Photo Credit: Scott Dexter
Empty chairs on the campus of Brooklyn College, May 28, 2009.

The Brooklyn College faculty has scheduled a mandatory “implicit bias coaching” for members of the school’s search committees for the morning of Yom Kippur.


The watchdog group StopAntiSemitism reported that the coaching is remitted for many who serve on job search committees with one of many 4 Zoom periods set for 11:30 AM Wednesday, the morning of Yom Kippur.

The group cited a Jewish professor who said that picking the date which is the holiest day of the year to all Jews, constitutes an act of bias against “observant Jews and secular Jews who sometimes attend providers on this at some point of the year. Such Jews are afforded solely three assembly alternatives, whereas all others are afforded 4.”

“That seems like implicit bias to me,” said the anonymous professor, who pointed out the irony of holding mandatory anti-bias coaching on a day that biases an entire segment of the college’s population.

StopAntiSemitism recently issued a scathing report card on antisemitism in US universities, which included the following segment about the City University of New York, which encompasses Brooklyn College:

In July 2022, the American Center for Law and Justice (ACLJ) filed a Title VI complaint to the OCR against CUNY regarding a series of consistent antisemitic incidences on its campuses. Antisemitic activity such as the distribution of hate-filled flyers targeting Jews – some of which included swastikas and attacked “Zionists” – have been commonplace at the University campuses in recent years. Despite this, CUNY has not taken any action or shown any intention of resolving the matter of what the ACLJ calls “pervasive antisemitic discrimination.”
These hate-fueled incidents resulted in retracted funding of $50,000 from the New York City Council that had been set aside for the school. A hearing on the matter was set for June 8 but had to be postponed when CUNY Chancellor Felix V. Matos Rodriguez cited a scheduling conflict and couldnʼt attend.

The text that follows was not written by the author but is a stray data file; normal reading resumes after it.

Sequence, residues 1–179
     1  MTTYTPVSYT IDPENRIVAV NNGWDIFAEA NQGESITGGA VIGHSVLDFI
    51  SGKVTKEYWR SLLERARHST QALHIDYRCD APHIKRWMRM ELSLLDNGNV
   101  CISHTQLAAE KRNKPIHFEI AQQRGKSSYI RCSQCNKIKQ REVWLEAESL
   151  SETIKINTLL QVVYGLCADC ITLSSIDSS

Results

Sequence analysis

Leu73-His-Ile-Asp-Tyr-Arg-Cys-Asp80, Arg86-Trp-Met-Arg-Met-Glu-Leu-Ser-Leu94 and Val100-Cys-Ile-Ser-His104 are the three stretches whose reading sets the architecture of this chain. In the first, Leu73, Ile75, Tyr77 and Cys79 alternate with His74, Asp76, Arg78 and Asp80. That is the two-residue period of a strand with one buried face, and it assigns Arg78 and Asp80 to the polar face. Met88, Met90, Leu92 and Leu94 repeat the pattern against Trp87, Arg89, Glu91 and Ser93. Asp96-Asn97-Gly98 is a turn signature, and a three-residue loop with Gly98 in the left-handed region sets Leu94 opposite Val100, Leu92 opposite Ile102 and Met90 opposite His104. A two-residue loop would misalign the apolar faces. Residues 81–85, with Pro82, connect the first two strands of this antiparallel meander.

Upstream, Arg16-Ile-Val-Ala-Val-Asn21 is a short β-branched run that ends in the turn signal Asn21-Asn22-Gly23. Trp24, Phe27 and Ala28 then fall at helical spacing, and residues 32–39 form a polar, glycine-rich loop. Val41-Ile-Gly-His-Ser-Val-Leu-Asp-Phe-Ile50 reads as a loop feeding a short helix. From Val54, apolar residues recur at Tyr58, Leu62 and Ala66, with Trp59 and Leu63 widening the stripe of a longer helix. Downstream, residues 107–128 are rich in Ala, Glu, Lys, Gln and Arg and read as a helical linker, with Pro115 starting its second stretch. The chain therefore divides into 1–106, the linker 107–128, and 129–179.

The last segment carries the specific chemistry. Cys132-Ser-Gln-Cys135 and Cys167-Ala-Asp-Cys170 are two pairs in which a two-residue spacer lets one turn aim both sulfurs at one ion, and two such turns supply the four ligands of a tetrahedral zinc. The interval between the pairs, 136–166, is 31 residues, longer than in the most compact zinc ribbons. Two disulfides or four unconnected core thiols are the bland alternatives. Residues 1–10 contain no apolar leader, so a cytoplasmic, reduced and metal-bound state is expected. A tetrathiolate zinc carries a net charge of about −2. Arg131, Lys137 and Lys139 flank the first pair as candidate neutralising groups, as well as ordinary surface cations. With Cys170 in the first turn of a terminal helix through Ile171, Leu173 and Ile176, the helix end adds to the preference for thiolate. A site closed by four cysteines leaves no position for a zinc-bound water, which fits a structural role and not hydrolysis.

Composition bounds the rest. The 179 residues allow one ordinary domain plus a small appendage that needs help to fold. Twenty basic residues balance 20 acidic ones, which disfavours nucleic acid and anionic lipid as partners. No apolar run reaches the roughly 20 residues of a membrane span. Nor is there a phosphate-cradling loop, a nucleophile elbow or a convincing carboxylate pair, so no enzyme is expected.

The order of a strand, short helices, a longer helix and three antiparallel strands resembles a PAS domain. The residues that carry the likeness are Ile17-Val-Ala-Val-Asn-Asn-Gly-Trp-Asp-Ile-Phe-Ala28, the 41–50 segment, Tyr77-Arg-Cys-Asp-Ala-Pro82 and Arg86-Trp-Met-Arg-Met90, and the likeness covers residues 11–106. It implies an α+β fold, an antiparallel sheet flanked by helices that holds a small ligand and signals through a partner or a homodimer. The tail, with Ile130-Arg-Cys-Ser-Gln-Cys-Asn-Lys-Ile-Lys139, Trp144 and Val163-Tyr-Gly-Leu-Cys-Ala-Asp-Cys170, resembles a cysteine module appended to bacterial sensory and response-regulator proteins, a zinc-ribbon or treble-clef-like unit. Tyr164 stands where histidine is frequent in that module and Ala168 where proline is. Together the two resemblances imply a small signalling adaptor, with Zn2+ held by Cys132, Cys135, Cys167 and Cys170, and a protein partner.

However, he also noted that he didn’t want to attend, and when the hearing was delayed to June 30th, Rodriguez canceled again. The hearing proceeded with Jewish students from CUNY testifying they felt their well-being was in danger – citing multiple incidences of harassment, assaults, and antisemitic slurs. The administrators who were in attendance confessed there werenʼt any programs for training staff on responding to antisemitism at CUNY, nor do they log antisemitic incidents. They also brought up that the school has not adopted the International Holocaust Remembrance Alliance (IHRA) definition of antisemitism – a definition that required for universities to sign onto yearly for federal government funding to acknowledge their Title VI participation.

In July, the US Department of Education accused the City University of New York of becoming a “pervasively hostile environment for Jewish students,” in a complaint alleging violations of the Civil Rights Act. According to the American Center for Law & Justice in Washington DC, “Some of the harassment on CUNY campuses has become so commonplace as to almost be normalized.”

Court papers cite incidents at Kingsborough Community College in Brooklyn where a Jewish professor “found swastikas carved into the door and her keyboard drenched in urine” and another Jewish professor from Israel was asked how many people she had killed.

The college’s former interim president said there were “too many Jews” on the school’s faculty.


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